Jesus: 16 They don’t need to go back to the villages in order to eat supper. Give them something to eat here.

Disciples: 17 But we don’t have enough food. We only have five rounds of flatbread and two fish.

Jesus: 18 Bring the bread and the fish to Me.

So the disciples brought Him the five rounds of flatbread and the two fish, 19 and Jesus told the people to sit down on the grass. He took the bread and the fish, He looked up to heaven, He gave thanks, and then He broke the bread. Jesus gave the bread to the disciples, and the disciples gave the bread to the people; 20 everyone ate and was satisfied. When everyone had eaten, the disciples picked up 12 baskets of crusts and broken pieces of bread and crumbs. 21 There were 5,000 men there, not to mention all the women and children.

First, we notice that Jesus didn’t book a venue ahead of time, or charge admission or any such thing. He met the people where they were. Just like we should. Meet people where they are, where you work, when you are travelling, when you are on facebook or when they are reading your blog 🙂
Secondly, we notice that Jesus didn’t have a consession stand setup where people could purchase food or merchandise. He provided food to the people.
We also notice that he healed all their sick.

So, what can we learn from this?
I think we Christians often go about our relations with the world the wrong way. The church, as the body of Christ, has the backing of the one who ‘owns the cattle on a thousand hills.’ We don’t need to charge the unsaved, or the saved, for that matter, admission. We need to rely on God to provide. I don’t mean that we should expect manna (money) to fall from heaven. No, we need to rely on God to speak to the hearts of the church and they will provide any funding required. If the funding doesn’t come, either we were outside of God’s will for the event, or we were outside God’s will when he pricked our hearts to contribute.
If we truely serve the God of the universe, shouldn’t we act like it?

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The War on Christmas

I recently became part of the test-reader group for a new book by Bodie Hodge: The War on Christmas.

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I initially thought this book would be about the invasion of pagan symbolism into a basic Christian holiday. I was wrong.

Have you ever noticed that there are fewer nativity scenes around each year? Have you noticed that the signs say Happy Holidays instead of Merry Christmas? Have you noticed that children no longer have Christmas concerts but Winter Festivals? There is a move to make Christmas into an inclusive holiday, not the Christian holiday it is.

The attack is two-fold. First, Christmas is attacked from the past with claims that it started as a pagan festival and shouldn’t belong to Christians alone. There are many lines of thought on this avenue. Secondly, Christmas celebrations have grown to include many non-Christian elements (not that they are anti-christian, just not of christian origin) which, it is claimed, makes Christmas more than a Christian festival and thus it should be inclusive.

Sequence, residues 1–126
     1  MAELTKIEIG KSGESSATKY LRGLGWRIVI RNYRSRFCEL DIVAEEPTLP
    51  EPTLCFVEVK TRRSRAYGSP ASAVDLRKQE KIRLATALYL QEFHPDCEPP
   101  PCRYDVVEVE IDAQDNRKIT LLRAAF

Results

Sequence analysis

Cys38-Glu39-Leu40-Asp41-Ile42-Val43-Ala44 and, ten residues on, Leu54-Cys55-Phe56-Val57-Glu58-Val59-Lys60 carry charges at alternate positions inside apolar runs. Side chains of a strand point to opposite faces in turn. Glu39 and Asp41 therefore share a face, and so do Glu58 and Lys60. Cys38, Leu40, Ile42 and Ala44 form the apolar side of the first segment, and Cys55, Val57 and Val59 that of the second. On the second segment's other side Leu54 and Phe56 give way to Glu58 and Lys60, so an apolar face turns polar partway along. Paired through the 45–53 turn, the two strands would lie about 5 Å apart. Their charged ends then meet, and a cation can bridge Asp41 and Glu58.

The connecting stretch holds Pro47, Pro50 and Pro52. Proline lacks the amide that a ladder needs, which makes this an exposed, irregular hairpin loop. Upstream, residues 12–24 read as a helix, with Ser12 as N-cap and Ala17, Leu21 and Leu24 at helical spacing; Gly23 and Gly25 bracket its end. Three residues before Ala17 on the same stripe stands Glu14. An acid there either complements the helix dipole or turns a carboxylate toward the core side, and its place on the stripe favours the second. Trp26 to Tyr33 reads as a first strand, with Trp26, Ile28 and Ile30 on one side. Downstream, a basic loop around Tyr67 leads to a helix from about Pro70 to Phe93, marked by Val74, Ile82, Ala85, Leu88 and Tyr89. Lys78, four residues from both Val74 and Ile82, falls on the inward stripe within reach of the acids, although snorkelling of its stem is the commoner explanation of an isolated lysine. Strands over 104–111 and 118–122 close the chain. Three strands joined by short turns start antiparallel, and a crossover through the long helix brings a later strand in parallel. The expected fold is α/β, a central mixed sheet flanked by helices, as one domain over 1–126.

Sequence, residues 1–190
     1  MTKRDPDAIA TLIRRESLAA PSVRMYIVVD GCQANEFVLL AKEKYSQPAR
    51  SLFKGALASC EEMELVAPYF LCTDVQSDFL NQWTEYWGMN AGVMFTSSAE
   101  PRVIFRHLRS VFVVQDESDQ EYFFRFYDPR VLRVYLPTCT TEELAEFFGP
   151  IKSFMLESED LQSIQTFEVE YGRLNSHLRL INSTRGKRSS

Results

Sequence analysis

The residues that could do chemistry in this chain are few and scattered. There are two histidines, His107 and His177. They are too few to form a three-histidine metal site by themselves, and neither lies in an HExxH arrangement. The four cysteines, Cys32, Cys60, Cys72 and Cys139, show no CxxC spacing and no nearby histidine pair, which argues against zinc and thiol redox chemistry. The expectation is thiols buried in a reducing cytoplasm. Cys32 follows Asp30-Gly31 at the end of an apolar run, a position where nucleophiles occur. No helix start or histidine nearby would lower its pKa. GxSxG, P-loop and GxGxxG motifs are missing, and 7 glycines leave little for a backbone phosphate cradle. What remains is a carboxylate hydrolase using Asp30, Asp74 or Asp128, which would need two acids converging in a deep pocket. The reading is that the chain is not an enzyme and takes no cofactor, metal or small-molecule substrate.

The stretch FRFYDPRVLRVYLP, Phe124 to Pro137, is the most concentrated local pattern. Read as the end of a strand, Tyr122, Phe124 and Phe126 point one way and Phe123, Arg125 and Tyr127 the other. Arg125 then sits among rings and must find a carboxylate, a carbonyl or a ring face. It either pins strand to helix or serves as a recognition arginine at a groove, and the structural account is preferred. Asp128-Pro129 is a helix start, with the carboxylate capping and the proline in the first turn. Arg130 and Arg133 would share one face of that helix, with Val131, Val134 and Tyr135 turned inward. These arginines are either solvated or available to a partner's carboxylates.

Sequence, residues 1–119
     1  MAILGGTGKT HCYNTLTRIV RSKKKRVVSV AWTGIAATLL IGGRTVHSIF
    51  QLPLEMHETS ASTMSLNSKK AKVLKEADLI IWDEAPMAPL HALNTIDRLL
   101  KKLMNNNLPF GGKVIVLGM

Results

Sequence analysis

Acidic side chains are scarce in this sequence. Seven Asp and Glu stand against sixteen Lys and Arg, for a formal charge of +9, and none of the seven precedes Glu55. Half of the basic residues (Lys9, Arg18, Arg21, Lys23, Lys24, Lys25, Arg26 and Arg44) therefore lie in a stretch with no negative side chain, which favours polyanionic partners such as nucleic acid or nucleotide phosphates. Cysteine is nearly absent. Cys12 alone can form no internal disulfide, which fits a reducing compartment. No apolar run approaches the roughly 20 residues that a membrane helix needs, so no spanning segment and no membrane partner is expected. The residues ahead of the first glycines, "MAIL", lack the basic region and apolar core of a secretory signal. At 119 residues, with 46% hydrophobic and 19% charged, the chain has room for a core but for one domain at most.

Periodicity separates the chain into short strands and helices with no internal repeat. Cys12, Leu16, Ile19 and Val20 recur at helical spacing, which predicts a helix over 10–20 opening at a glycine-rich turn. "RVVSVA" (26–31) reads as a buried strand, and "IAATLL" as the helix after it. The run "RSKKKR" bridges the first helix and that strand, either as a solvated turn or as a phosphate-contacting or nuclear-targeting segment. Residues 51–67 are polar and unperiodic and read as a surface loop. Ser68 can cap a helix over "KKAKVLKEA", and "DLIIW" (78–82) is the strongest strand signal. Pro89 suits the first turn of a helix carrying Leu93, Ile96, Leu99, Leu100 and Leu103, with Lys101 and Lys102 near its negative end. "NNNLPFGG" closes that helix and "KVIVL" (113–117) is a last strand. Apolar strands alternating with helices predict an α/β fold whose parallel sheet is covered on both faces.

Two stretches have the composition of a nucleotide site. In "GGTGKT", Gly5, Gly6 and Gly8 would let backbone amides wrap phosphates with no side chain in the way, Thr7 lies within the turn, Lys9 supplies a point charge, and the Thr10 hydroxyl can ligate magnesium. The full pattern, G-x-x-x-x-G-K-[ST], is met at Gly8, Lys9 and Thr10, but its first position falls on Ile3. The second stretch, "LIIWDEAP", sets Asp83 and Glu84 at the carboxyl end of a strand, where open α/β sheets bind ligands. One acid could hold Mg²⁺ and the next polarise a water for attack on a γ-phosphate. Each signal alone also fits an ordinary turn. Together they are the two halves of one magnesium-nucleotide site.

This new book tackles these claims head-on, dealing with each one it turn. It is a beautifully laid out text with wonderful pictures and backgrounds. I currently have the PDF version to review and the care in both the layout and the content itself shines through. I have finished reading 32 of the 144 pages so far and I am already thrilled with the presentation and the information. The book starts out gently. I would say slowly, but that wouldn’t be true. It isn’t slow or reserved. It merely states its case simply and completely in accomodating language. It is accessable to all reading levels beyond elementary school and perhaps younger.

I’m looking forward to a hard-copy so I can let my family read it as well.

I’ll write more as I continue to read.

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New Project – Request for Comments

I’m working on a new project, a set of Youtube videos, called “I’m a Christian” where I’m planning on developing a definition of what it means to be a christian. Part of the goal is to combat the large number of people and organizations which claim to be christian, but are they really? By developing a definition for Christianity, I can then hold each of the claims up to the definition and see if they are, indeed, christian.

Love to hear any comments or questions on the idea, and any questions you’d like to see covered.

I’d like to do a mail-bag segment at the end of each episode, so feel free to send me questions to cover.

Thanks!

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Hello world!

Hey Look! There’s a new Statik-Online!

Yes, the old statikonline.com business centered site has gone away. It was extremely time consuming to maintain and getting rather long in the tooth. Instead, I’ve gone to a Word-Press site where I can rant if I want to. Its a sort of private Facebook where I can make longer, detailed posts.

I’m also going to have an articles section where I can create longer articles about things that matter to me. Right now I’m working on an article about getting custom firmware onto an inexpensive router so that it can be a strong center-point to my home network. Keep your eyes open for it!